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9½ Weeks

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Template:Infobox Film9½ Weeks is a 1986 erotic drama film directed by Adrian Lyne and starring Mickey Rourke and Kim Basinger. The film is based on the novella of the same title by Elizabeth McNeill.

The film was not a major success commercially in the United States, grossing USD $7 million in box office receipts alone, and was very badly received by critics. Despite its moderate success in North America, the film acquired a large fanbase on video and was a huge success internationally.[citation needed] The film is now well known for its erotic sadomasochistic content.

The film spawned two direct-to-video sequels, Another 9½ Weeks in 1997 and The First 9½ Weeks in 1998.

PlotEdit

The title of the film refers to the duration of a sadomasochistic relationship between Wall Street investor John Grey (played by Mickey Rourke) and divorced SoHo art gallery employee Elizabeth McGraw (Kim Basinger). The two meet while in New York City and lead a (sometimes violent) sex life.

They often try out a variety of diverse sexual and erotic acts, including a scene in which John teases her body with ice while she's blindfolded; a scene in which John spoon feeds Elizabeth various kinds of foods while her eyes are closed; a scene in which Elizabeth takes off a tuxedo and has sex with her partner in a rainy brick alley stairway; and Basinger's now iconic striptease to Randy Newman's "You Can Leave Your Hat On," as performed by Joe Cocker.

The film details a sexual downward spiral as John pushes Elizabeth's boundaries toward her eventual emotional breakdown. He often manipulates her into getting what he wants during sex and sometimes abuses her, knowing she cannot resist it.

ControversyEdit

Many scenes were supposedly cut before the movie's release because they were deemed "psychologically damaging" by the studio. The most famous scene cut allegedly involved John and Elizabeth in a pact to overdose on sleeping pills together, only to find out that John had replaced the pills with placebos. This scene is not reflected in the novella but can be found in the final draft of the script. Adrian Lyne has promised repeatedly to release a director's version of the movie, which would include many of the cut scenes, but that project has not surfaced.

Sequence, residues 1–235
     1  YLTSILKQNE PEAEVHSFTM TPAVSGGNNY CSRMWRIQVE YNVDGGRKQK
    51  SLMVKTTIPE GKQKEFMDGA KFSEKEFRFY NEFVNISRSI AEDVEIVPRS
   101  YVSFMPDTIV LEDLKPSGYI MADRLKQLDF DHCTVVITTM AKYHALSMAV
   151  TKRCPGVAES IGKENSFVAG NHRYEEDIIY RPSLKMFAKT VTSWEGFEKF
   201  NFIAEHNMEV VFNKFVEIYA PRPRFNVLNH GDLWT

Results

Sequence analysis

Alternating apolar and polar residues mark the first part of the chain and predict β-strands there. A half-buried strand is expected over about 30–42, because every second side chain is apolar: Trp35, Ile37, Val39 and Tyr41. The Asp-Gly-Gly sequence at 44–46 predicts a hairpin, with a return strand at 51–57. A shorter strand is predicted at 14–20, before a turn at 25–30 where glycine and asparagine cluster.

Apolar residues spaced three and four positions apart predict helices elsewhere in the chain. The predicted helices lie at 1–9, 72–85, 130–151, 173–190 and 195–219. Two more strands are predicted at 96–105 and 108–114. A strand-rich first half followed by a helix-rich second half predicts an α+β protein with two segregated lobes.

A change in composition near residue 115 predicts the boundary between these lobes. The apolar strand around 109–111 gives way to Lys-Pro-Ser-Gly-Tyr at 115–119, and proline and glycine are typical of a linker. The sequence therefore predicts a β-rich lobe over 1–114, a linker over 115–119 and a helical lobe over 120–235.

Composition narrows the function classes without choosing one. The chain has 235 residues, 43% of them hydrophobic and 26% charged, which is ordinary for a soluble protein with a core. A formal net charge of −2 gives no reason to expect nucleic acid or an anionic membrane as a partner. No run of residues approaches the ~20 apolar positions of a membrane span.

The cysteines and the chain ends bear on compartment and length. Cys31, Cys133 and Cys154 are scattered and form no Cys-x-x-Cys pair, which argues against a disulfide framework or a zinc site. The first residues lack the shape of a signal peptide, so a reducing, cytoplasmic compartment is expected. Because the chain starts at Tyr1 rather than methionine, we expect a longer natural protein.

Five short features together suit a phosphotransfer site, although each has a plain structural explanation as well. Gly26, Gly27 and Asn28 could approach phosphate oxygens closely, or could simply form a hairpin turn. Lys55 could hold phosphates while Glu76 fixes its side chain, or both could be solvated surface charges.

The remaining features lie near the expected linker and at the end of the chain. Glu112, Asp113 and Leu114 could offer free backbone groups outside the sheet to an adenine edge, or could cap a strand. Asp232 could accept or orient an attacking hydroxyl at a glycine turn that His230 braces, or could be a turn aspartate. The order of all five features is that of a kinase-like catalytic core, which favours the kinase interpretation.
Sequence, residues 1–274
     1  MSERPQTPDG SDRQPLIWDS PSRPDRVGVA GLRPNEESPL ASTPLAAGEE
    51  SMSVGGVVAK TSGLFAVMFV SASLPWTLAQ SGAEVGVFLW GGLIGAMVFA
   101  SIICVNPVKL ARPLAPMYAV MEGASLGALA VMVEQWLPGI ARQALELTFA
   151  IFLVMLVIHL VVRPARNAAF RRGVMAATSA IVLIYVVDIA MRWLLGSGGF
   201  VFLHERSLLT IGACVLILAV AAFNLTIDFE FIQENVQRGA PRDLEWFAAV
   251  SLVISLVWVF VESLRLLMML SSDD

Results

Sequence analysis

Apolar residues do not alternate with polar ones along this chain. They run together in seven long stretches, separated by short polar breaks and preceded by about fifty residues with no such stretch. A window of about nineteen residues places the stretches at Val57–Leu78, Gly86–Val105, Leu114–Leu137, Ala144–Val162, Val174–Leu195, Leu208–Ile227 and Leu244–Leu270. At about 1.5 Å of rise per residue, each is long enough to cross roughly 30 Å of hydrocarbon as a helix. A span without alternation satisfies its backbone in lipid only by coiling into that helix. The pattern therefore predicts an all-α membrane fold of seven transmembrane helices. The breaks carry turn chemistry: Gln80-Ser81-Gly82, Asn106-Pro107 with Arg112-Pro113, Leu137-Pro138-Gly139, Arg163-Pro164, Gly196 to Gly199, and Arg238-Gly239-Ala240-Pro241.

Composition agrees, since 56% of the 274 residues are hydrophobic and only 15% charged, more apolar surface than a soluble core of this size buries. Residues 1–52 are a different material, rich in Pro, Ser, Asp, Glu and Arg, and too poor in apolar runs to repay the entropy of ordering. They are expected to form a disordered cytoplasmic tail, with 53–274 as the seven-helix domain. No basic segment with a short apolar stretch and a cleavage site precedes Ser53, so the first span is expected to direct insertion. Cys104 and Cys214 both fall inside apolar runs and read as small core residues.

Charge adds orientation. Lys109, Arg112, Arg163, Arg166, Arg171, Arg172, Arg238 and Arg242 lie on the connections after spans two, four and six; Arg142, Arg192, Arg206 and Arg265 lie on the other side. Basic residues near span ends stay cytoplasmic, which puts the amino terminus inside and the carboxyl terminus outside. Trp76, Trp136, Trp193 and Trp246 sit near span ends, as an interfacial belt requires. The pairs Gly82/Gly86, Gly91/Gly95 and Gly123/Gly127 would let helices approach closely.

This film was Kim Basinger's first starring role in a major motion picture, although many of the erotic scenes featured a body double. Director Adrian Lyne used emotionally manipulative tactics on Basinger during the shooting to elicit the performance he wanted from the somewhat new actress, which Basinger later criticized harshly. For example, Lyne did not allow Rourke and Basinger to talk to each other off-set. The two were kept isolated from each other and Lyne would tell Basinger rumors about Rourke intended to make her like or dislike him so that she would carry that attitude into the scene.

Lyne would also offer Rourke performance notes, but Basinger none, in order to unnerve her. In a very unusual and expensive move along these lines, Lyne shot the film sequentially, so that Basinger's actual emotional breakdown over time would be effectively translated to the screen.

ReceptionEdit

9½ Weeks currently has a 62% rating on Rotten Tomatoes.

AwardsEdit

The movie was nominated for three categories in the 1986 Golden Raspberry Awards.

Soundtrack and scoreEdit

The main single released from the 9½ Weeks: Original Motion Picture Soundtrack was "I Do What I Do," performed by Duran Duran bassist John Taylor, giving his first solo singing performance during a hiatus in Duran Duran's career. The song reached #23 on the Billboard Hot 100 and #42 on the UK Singles Chart. Music for the score was composed by Taylor and Jonathan Elias. Original music for the movie was also written by Jack Nitzsche, but his compositions are not included on the soundtrack.

The soundtrack also included tracks from Luba, Bryan Ferry, Dalbello, Corey Hart, Joe Cocker, Devo, Eurythmics and Stewart Copeland. Jean Michel Jarre's "Arpegiator", played during the sex scene on the stairs in the rain, was not included on the record.

SequelsEdit

A tentative sequel was written called Four Days in February by Zalman King. Mickey Rourke was said to have agreed to the project, however Kim Basinger declined and the sequel was abandoned.

In 1997, the actual sequel appeared direct to video called Another 9½ Weeks, starring Mickey Rourke and Angie Everhart and directed by Anne Goursaud. In 1998, a straight to video prequel was made called The First 9½ Weeks, but it did not contain any of the original actors.

ReferencesEdit

  • Briggs, Joe Bob (2005). Profoundly Erotic: Sexy Movies that Changed History. New York: Rizzoli. ISBN 0-7893-1314-6. 


External linksEdit

es:Nueve semanas y media fr:9 semaines 1/2 it:9 settimane e ½ ja:ナインハーフ pl:9 1/2 tygodnia pt:9½ Weeks

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